|IG Kultur Österreich - Claiming the right for good governance within the EU administration!|
IG Kultur Österreich, the umbrella organization for independent and autonomous cultural work in Austria is currently supporting one of its members in a court case against the European Commission. The reason for the court case is the costs that have arisen due to the delayed payment of previously approved subsidies.
In 2000, the association received a subsidy from the EU Culture Programme. The contracted project was completed in the same year, and all the costs eligible for their subsidy were cleared with the Commission in September 2000. In 2002, the same member organization completed a second Culture programme project. However, the EU Commission held part of the subsidy from their 2002 project back and even opened up the case of the approved financial completion, counting it against the still uncompleted settlement of the first project. This situation has led to an enormous struggle for existence of the association, because the member had counted on receiving the entire subsidy and, on top of the resources the Commission is holding back, the association was asked to return a major part of the subsidy.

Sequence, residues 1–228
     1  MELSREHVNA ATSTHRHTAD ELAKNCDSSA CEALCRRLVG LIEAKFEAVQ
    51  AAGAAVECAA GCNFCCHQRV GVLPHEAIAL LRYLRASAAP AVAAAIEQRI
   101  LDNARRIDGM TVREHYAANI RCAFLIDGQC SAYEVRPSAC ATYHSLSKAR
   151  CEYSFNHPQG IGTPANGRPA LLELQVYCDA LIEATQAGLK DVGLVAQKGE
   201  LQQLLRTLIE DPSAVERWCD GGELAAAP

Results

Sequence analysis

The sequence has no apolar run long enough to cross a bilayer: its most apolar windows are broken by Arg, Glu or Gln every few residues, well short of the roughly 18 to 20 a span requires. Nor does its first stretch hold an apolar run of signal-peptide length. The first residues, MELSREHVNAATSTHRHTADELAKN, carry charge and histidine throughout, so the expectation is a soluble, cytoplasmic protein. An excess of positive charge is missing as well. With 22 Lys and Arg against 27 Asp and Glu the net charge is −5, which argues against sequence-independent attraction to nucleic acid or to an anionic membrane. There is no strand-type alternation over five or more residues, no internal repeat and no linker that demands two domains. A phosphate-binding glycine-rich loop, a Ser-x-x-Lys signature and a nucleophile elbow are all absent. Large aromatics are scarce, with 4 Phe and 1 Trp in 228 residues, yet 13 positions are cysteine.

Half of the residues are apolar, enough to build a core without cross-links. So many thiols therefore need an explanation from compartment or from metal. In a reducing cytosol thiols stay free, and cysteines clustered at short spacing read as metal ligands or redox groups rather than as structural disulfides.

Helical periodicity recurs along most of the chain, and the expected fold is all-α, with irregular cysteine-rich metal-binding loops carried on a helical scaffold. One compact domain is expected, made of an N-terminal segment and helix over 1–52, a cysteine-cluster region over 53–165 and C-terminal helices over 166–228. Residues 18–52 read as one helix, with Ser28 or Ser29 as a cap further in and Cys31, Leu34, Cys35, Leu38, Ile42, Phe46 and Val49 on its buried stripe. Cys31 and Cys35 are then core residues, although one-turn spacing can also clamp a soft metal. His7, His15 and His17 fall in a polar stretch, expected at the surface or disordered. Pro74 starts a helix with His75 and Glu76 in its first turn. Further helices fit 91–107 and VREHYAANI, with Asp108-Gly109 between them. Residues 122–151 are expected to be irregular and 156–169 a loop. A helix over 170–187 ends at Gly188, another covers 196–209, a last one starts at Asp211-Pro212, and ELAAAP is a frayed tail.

Because of the prolonged period before receiving the final approval of the finances and final settlement (the Commission took two years to set an audit date and another year to come to its final settlement for the first project), our member association faced the costs of the interest fees that accumulated from the loans necessary to bridge the costs over these years. These bridging loans and the associated costs are not recognized expenses. According to EU policy, interest fees are not accountable. This means that loans for bridging the time between the end of a project and the final settlement by the EU Commission have to be paid out of other budgets.
The problem is that there are no deadlines for the EU Commission to finalize the accounting. There is, however, the right for every citizen of the Union to good governance.
Interestingly enough the EU Commission states that the case cannot be taken to court because the relation between subsiding organization and the recipient of the subsidy does not correspond with civil law, as it is an act of sovereignty- despite the wording in all relevant documents includes "contract" or "agreement".
IG Kultur Österreich therefore demands standardized proceedings to be developed by the EU Commission for the acceptance of interest fees as accountable expenses.